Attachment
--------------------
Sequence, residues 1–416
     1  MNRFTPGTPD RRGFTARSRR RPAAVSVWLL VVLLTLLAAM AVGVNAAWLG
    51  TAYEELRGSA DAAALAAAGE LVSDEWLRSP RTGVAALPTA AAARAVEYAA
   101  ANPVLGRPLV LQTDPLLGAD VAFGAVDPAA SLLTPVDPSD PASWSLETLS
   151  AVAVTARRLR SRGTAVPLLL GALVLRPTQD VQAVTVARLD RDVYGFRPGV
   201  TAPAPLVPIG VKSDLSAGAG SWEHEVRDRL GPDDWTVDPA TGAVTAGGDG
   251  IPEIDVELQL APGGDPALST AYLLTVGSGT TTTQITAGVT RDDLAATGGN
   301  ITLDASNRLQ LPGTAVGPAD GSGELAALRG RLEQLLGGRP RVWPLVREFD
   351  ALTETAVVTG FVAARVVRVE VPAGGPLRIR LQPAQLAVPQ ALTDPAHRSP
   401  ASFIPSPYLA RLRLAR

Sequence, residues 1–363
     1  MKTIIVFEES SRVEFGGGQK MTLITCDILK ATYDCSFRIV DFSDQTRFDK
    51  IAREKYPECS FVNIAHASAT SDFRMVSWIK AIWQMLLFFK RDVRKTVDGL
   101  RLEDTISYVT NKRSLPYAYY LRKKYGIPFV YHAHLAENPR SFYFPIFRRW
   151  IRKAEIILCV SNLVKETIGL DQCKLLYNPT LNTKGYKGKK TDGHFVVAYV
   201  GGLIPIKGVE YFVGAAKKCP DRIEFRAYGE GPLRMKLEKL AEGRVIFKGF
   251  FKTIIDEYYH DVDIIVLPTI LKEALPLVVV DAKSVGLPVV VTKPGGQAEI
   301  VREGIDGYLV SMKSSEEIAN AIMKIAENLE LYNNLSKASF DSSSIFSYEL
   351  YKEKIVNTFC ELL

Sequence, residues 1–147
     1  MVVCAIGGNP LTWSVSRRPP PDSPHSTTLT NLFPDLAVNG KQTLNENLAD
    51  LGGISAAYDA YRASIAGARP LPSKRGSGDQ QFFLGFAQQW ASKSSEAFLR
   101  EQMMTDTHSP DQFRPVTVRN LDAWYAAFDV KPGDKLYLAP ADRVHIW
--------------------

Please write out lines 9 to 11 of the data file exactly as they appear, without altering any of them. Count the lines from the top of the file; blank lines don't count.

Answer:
   351  ALTETAVVTG FVAARVVRVE VPAGGPLRIR LQPAQLAVPQ ALTDPAHRSP
   401  ASFIPSPYLA RLRLAR

Sequence, residues 1–363